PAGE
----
The reduction of the tax wedge actually became one of the elements of implementation of the “Youth guarantee” program in Poland: a 12-month exemption from the payment of Labor Fund and Guaranteed Employee Benefits Fund contributions was introduced for entrepreneurs employing persons under 30 years of age who were referred to that position by the employment office.
This is a marginal change, however, and in addition it works as an incentive only for the employer. We should also increase the deductible cost of obtaining income in case of an employment contract, which is now a lump sum and only amounts to PLN112.25 per month. An increase in the deductible cost of obtaining income in the employment contract to 20 per cent of the obtained income (as in the case of most contracts of mandate) would increase the employee’s net salary. The existence of such an incentive would encourage the unemployed to take up work ‒ including the long-term unemployed, who currently quite correctly believe that the remuneration obtained in the case of taking up work would not increase their level of prosperity very much in comparison with the current situation, based on receiving social benefits and help from their family.
The deceptive charm of subsidies
Meanwhile, employment subsidies ‒ the second method mentioned by the EU ‒ only has a marginal and short-term effect. In 2016, a three-year program called “Jobs for youth” was launched in Poland. Its goal is to finance the total cost of employment for 100,000 employees for one year. If the entire allocated amount is utilized, only 1 out of 5 young unemployed persons would gain employment, because the Ministry of Family, Labor and Social Policy estimates the total number of unemployed persons under 30 years of age at 500,000.
However, the latest data indicates that the allocated funds will not be fully utilized after all. Although no complete statistics are available, in the first half of 2016 as part of the “Jobs for youth” program 1,700 jobs were created which ‒ even if we consider that this is data from one voivodeship only ‒ is a small number compared to the planned 100,000 thousand jobs. In addition, in the first edition of the EU program Knowledge, Education, Development, only 4,000 out of 11,000 young people found a job for at least three months.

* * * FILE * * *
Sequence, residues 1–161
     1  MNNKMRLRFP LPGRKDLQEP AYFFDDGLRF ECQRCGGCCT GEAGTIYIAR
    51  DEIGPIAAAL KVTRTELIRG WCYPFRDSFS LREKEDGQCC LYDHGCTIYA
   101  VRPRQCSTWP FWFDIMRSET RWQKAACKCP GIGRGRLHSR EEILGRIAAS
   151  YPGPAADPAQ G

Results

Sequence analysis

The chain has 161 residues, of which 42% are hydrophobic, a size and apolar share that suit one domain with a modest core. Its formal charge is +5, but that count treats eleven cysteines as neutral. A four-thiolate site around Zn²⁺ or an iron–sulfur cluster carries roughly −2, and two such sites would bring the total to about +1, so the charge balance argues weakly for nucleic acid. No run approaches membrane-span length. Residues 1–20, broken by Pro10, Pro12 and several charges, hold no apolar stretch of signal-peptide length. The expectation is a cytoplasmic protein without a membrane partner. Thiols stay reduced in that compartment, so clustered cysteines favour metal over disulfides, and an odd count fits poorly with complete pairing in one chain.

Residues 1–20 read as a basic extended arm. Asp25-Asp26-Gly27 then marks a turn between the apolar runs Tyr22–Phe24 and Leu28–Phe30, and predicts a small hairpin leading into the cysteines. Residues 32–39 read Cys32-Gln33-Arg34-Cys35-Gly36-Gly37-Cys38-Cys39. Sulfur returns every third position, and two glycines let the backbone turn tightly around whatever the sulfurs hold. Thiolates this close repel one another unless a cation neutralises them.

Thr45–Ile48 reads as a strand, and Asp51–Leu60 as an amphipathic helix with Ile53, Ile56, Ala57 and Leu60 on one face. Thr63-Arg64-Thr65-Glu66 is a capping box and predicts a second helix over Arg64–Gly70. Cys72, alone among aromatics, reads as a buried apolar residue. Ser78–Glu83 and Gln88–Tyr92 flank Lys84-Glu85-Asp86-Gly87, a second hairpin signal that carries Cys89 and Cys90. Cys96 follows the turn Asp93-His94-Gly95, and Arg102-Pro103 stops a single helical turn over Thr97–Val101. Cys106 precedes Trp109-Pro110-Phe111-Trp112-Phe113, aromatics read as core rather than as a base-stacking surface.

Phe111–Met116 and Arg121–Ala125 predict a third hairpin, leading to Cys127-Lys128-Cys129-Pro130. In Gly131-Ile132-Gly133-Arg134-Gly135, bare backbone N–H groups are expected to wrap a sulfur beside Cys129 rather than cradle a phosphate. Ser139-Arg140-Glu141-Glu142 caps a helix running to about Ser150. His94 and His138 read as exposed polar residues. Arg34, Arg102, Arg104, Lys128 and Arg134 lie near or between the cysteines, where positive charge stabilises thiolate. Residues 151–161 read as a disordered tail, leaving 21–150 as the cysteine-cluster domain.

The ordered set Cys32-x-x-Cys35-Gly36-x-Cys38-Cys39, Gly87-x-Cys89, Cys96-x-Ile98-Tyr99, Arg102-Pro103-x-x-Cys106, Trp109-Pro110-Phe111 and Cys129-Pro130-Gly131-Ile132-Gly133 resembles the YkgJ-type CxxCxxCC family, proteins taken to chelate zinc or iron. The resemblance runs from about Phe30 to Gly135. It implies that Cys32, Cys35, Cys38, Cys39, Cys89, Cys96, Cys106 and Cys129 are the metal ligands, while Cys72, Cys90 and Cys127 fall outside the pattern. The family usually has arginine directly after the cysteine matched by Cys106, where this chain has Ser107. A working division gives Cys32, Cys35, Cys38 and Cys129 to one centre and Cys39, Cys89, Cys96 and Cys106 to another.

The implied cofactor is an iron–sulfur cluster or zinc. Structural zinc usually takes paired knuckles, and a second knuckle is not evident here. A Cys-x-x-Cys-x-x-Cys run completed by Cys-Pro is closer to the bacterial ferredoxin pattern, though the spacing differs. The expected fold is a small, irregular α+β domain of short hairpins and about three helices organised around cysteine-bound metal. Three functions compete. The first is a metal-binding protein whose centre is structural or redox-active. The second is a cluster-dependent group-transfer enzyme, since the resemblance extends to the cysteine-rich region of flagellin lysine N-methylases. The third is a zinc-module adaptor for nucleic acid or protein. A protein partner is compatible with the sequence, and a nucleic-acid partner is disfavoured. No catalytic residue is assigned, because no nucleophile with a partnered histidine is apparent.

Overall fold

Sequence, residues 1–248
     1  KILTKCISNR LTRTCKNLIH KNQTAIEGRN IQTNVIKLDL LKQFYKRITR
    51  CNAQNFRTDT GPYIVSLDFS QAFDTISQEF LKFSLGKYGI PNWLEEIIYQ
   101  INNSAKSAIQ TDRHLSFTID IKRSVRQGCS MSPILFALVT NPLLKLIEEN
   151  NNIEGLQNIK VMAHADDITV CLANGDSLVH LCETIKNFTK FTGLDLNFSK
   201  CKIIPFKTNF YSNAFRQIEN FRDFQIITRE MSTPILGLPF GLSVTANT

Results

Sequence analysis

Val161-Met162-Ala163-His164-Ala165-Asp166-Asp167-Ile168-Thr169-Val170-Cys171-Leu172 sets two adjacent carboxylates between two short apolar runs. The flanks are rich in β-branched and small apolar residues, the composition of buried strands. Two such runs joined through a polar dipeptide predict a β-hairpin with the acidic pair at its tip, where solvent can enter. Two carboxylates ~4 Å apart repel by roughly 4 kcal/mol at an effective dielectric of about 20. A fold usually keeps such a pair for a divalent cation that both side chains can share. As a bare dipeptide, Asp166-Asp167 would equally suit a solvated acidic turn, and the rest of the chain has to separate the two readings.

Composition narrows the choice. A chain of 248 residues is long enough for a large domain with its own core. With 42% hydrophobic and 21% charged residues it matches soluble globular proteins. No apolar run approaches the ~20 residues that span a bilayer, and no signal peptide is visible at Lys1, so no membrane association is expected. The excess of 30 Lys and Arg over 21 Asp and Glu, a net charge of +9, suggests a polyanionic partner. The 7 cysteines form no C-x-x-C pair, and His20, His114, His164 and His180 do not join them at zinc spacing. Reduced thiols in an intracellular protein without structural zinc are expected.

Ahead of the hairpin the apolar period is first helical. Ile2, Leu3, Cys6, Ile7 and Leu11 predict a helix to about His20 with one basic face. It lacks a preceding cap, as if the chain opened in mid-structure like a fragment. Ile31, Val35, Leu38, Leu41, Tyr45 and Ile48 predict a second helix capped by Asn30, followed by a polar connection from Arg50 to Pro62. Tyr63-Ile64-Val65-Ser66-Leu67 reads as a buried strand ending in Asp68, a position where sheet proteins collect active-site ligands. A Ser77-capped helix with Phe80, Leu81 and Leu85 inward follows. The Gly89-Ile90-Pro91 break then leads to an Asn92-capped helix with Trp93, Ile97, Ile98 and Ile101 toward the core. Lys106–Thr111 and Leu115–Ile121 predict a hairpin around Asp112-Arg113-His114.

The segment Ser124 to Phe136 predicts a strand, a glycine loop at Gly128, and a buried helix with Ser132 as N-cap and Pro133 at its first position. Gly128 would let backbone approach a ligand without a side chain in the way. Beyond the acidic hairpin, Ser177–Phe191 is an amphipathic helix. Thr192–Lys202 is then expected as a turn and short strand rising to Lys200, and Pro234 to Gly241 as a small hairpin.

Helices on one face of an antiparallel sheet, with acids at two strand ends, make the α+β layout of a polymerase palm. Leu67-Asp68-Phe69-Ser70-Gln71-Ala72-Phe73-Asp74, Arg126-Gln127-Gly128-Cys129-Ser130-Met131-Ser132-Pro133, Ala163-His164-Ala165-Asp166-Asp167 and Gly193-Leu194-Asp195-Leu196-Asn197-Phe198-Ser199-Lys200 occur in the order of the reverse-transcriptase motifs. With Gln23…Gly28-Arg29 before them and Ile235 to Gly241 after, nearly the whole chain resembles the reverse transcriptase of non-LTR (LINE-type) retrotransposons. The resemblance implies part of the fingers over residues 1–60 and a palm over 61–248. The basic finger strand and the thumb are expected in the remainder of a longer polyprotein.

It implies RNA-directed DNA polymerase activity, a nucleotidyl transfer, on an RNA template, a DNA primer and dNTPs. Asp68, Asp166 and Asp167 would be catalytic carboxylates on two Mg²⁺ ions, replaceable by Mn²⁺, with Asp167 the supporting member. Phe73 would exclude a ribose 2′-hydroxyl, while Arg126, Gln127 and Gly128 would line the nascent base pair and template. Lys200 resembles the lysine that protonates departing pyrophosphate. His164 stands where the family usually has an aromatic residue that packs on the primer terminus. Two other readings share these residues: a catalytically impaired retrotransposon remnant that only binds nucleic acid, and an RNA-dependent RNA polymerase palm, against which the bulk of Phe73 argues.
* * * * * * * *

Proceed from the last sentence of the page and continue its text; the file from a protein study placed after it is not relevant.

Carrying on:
Another example of the low effectiveness of subsidizing employment is the solution introduced in Spain in 2013, within the framework of the “Youth Employment and Entrepreneurship Plan”, which is based on subsidies and is supposed to encourage, among others, employment contracts for an indefinite period of time. Employers were promised a monthly subsidy from EUR500 to 700 for a year or for three years, as a reward for the conversion of a contract for a specified period of time into an employment contract for an indefinite period. Although 365,000 people under 30 years of age benefited from the program from mid-2013 to December 2014, according to Eurostat data, the number of people with specified period employment contracts in the 15-29 age group increased from 1,068,000 in the fourth quarter of 2013 to 1,122,000 in the fourth quarter of 2014, which means that the effect wasn’t very impressive.
Real action is needed
In its strategies for combating unemployment, Brussels puts major emphasis on actions which in reality should be a marginal addition to genuine changes. Meanwhile, the opposite is true: suggestions of real actions are marginalized, a good example of which is the content of this year’s EU Council recommendation concerning long-term unemployment. The obligation to create an activation plan for the unemployed will not create new jobs, while the reduction of contributions and taxes certainly would.
When a strategy is based on the number of signed documents, it’s easier to measure the effectiveness of implementation of the plan (it is then expressed, for example, in the number of concluded activation agreements or provided internships), but the “Youth guarantee” program has shown that despite this ease of keeping statistics, there are still no aggregate data concerning the effects and the number of beneficiaries of this program. Consequently, in the analysis of the effects of the “Youth guarantee” the European Court of Auditors has to base exclusively on case studies from specific countries or localities ‒ which do not give a full picture of the situation – despite the fact that the EU has spent EUR3.2bn of European taxpayers’ money on the whole program.
So instead of promoting bureaucratic activities, it would be better if he European Union returned to the promotion of concrete actions, based mainly on the free market, which have already proved their effectiveness. For example, the EU policy-makers should remember what they themselves stated on the occasion of celebrations of the 20th anniversary of the EU internal market: that the development of the digital single market in the EU could create approx. 2.77 million new jobs. That is more than all the EU programs for combating unemployment combined.